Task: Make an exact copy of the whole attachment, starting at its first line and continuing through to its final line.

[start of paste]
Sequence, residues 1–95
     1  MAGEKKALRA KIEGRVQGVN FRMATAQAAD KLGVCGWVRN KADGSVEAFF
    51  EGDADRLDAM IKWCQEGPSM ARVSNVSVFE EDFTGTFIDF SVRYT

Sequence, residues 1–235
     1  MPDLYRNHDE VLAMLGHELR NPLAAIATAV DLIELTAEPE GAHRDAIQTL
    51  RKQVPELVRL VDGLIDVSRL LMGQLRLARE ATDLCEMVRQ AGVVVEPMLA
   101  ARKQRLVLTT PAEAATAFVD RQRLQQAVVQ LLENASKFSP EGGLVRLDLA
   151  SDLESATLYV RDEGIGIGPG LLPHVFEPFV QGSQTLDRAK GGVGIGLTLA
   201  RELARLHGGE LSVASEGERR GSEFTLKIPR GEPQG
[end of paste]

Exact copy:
Sequence, residues 1–95
     1  MAGEKKALRA KIEGRVQGVN FRMATAQAAD KLGVCGWVRN KADGSVEAFF
    51  EGDADRLDAM IKWCQEGPSM ARVSNVSVFE EDFTGTFIDF SVRYT

Sequence, residues 1–235
     1  MPDLYRNHDE VLAMLGHELR NPLAAIATAV DLIELTAEPE GAHRDAIQTL
    51  RKQVPELVRL VDGLIDVSRL LMGQLRLARE ATDLCEMVRQ AGVVVEPMLA
   101  ARKQRLVLTT PAEAATAFVD RQRLQQAVVQ LLENASKFSP EGGLVRLDLA
   151  SDLESATLYV RDEGIGIGPG LLPHVFEPFV QGSQTLDRAK GGVGIGLTLA
   201  RELARLHGGE LSVASEGERR GSEFTLKIPR GEPQG